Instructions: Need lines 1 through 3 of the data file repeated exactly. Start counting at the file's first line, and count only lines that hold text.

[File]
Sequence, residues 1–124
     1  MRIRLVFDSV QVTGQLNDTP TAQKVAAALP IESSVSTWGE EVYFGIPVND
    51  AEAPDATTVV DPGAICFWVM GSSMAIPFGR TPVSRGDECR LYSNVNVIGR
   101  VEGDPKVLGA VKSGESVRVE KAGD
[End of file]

Sequence, residues 1–124
     1  MRIRLVFDSV QVTGQLNDTP TAQKVAAALP IESSVSTWGE EVYFGIPVND
    51  AEAPDATTVV DPGAICFWVM GSSMAIPFGR TPVSRGDECR LYSNVNVIGR